Education - College
By: - at February 25, 2013

What Can I Do With a Degree in Science?

Pursuing a Career in Science

Science Careers Are RewardingSo you are thinking of pursuing a career in science. If this is the case, I would like to share my thoughts on the matter and explain a little about how I came to attain a Bachelor’s of Science. This article is geared toward high school students and early college students, workers looking to change careers, etc. Science can be referred to as our collected knowledge of reality. It is ours known physical laws and it is continually being re-written. Science, for the purposes of this article, is a vague term and covers anything from the study of life to the interaction of the building blocks of reality, the stars and beyond. Presently, higher learning has never seen this high degree of specialization within the paths of study for the sciences, and it will continually increase in the future. With this in mind, one must make crucial decisions early in order to make the correct career moves.

Why Contribute to Science

Now is an exciting time to be part of the scientific community. We are ever on the heels of the next break through in understanding. We essentially have the ideas of the future written down. They are laid out in front of us and are theoretically possible, we just need to put the work in. What was once thought to be science fiction is now reality, and we can look to science fiction now to be what our future holds. So if you have what Einstein called, “an irresistible desire to understand nature,” you are destined to contribute to the body of science.

Academia

Almost any career in science starts in academia. To attend a college or university is almost a pre-requisite in science in these times. Employers want to see that you’ve done the course work and put in the lab time before they invest in you. The level of education you want to pursue depends on the amount of time and money you are willing to expend.

Bachelor’s Degree

Bachelor’s degree in scienceThe different tiers of education offer profoundly different lifestyles for the graduate. A Bachelor’s degree in science, unless it is from a top level school and you were part of a good research team, i.e. had some excellent research experience, you are going to basically be looking forward to washing beakers and being a low level lab technician. A typical Bachelor’s in science will last 4 years and may even include some heavy course work, including many lab courses which are often 1-2 credit hours yet require a lot of work. I’m not trying to be pessimistic though, because I feel that pursuing any Bachelor’s degree offers a well rounded education.

Of course, any four year degree opens the door for a graduate school and professional school. At the end of this point in your education, you are going to have to have a definite idea about where you want to end up in terms of a career. If you are satisfied with conducting mediocre, but necessary tasks in a laboratory setting you could exit academia at this point. If you strive to be behind the wheel, or in other words, have a more specific idea about how you want to contribute to science. Many scientists have stopped their education for whatever reason at this point in academia, taken up a professional job in a lab, and still gone on to study science in their spare time.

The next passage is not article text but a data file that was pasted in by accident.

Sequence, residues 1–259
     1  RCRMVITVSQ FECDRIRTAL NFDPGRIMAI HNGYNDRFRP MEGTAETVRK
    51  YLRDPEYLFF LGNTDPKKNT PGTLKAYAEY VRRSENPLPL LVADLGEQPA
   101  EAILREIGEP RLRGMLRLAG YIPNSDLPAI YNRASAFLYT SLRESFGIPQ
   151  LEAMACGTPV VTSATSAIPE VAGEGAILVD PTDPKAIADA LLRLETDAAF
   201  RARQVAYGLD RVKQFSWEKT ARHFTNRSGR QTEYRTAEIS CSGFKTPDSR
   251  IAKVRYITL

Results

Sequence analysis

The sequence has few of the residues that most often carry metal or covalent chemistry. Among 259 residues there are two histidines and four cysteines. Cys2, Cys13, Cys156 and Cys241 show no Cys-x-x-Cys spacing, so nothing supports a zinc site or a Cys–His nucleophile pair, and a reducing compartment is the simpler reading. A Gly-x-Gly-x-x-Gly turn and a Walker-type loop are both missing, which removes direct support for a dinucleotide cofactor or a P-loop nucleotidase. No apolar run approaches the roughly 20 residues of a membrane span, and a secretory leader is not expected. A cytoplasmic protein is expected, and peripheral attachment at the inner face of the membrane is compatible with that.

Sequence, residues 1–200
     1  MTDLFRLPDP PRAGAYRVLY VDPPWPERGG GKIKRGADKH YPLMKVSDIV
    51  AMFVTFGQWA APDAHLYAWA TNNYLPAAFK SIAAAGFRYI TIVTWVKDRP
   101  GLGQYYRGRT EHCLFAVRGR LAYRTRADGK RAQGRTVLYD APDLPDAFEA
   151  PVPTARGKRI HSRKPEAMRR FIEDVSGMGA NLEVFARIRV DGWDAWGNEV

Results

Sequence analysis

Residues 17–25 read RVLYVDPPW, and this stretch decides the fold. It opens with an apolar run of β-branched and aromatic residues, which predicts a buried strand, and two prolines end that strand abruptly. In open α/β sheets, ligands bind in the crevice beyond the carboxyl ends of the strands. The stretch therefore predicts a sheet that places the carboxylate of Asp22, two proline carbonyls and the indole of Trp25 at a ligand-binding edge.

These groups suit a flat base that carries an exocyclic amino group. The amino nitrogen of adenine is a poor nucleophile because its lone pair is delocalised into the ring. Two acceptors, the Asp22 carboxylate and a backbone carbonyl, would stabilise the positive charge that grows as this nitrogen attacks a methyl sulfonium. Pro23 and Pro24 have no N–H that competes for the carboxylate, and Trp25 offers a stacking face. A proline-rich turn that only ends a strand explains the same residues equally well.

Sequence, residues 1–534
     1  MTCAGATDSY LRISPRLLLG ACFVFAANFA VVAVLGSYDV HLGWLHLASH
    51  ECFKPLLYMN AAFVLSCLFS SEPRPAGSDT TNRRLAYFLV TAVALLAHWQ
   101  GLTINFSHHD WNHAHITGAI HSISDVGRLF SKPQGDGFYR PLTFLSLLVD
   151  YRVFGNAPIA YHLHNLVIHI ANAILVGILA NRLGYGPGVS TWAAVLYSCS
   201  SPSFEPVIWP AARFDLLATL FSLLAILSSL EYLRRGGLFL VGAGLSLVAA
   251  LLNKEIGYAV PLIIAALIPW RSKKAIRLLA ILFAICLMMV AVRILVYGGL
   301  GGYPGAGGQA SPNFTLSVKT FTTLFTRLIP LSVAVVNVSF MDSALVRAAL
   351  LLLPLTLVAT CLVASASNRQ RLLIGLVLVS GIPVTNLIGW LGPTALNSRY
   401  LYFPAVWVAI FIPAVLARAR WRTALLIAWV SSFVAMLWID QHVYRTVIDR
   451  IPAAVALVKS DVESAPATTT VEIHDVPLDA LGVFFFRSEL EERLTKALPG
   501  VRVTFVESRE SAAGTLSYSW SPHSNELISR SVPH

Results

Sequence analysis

Master’s Degree/Professional School

Science BooksIf you are thinking that getting a science degree is going to pay you big in the end, you must consider the fact that you are going to be a student for many long years. Unless you are a genius who could fly through school, test out of difficult classes, or produce a ground-breaking theory in your spare time, you will at least be in school for 2-6 years past your four year degree.

A Masters Degree offers an opportunity to take the first step to show future employers that you have the capacity to lead and educate others. Often Masters of Science programs require you to be a teaching assistant and teaches the skills of mentorship, which is a good skill to have in a laboratory setting. Professional schools are schools which offer a specialized training often for work in one specific field or profession. Some examples are medical, cytotechnology or medical technology school, etc. The end result of these jobs is that the student will find employment in that profession. These professions often are high paying jobs and offer a great stopping point for academia.

Also, many professionals have made significant contributions to science, for example the London doctor John Snow essentially created the field of epidemiology by conducting the first ever well documented tracking of a disease outbreak. The study of epidemiology has gone on to save countless lives through the study of how diseases spread and how they should be handled within a population.

Post-Graduate Degree

The term post-graduate degree in science has many different meanings depending on the country of origin and also varies with the university or college. In terms of the United States, the options of science post graduate degrees are Doctorate of Science (DSc) or Doctorate of Philosophy (PhD). If you are in a post graduate school, you have proven yourself a leader and thinker in science. The end result of these degrees is often leading a laboratory or staying in academia to conduct research and teach.